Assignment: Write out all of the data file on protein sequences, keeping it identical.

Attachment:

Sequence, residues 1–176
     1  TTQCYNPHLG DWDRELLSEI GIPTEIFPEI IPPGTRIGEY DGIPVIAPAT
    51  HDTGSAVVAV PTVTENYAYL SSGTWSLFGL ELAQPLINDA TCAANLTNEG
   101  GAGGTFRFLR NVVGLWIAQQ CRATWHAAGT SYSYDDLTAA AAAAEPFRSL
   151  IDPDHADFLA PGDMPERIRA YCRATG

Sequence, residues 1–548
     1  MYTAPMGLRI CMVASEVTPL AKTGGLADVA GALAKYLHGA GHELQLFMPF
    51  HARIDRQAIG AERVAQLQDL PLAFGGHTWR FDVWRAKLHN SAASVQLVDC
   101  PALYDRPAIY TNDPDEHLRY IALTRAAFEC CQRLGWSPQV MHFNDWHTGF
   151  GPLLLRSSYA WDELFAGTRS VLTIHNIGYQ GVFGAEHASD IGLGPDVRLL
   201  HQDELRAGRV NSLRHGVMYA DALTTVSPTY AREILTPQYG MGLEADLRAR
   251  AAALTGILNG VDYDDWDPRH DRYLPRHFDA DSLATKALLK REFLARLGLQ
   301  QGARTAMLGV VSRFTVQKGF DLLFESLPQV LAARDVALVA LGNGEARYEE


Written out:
Sequence, residues 1–176
     1  TTQCYNPHLG DWDRELLSEI GIPTEIFPEI IPPGTRIGEY DGIPVIAPAT
    51  HDTGSAVVAV PTVTENYAYL SSGTWSLFGL ELAQPLINDA TCAANLTNEG
   101  GAGGTFRFLR NVVGLWIAQQ CRATWHAAGT SYSYDDLTAA AAAAEPFRSL
   151  IDPDHADFLA PGDMPERIRA YCRATG

Sequence, residues 1–548
     1  MYTAPMGLRI CMVASEVTPL AKTGGLADVA GALAKYLHGA GHELQLFMPF
    51  HARIDRQAIG AERVAQLQDL PLAFGGHTWR FDVWRAKLHN SAASVQLVDC
   101  PALYDRPAIY TNDPDEHLRY IALTRAAFEC CQRLGWSPQV MHFNDWHTGF
   151  GPLLLRSSYA WDELFAGTRS VLTIHNIGYQ GVFGAEHASD IGLGPDVRLL
   201  HQDELRAGRV NSLRHGVMYA DALTTVSPTY AREILTPQYG MGLEADLRAR
   251  AAALTGILNG VDYDDWDPRH DRYLPRHFDA DSLATKALLK REFLARLGLQ
   301  QGARTAMLGV VSRFTVQKGF DLLFESLPQV LAARDVALVA LGNGEARYEE